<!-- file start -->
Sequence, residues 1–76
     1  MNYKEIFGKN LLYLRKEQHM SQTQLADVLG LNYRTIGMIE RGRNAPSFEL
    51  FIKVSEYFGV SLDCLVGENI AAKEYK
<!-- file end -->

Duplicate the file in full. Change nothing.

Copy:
Sequence, residues 1–76
     1  MNYKEIFGKN LLYLRKEQHM SQTQLADVLG LNYRTIGMIE RGRNAPSFEL
    51  FIKVSEYFGV SLDCLVGENI AAKEYK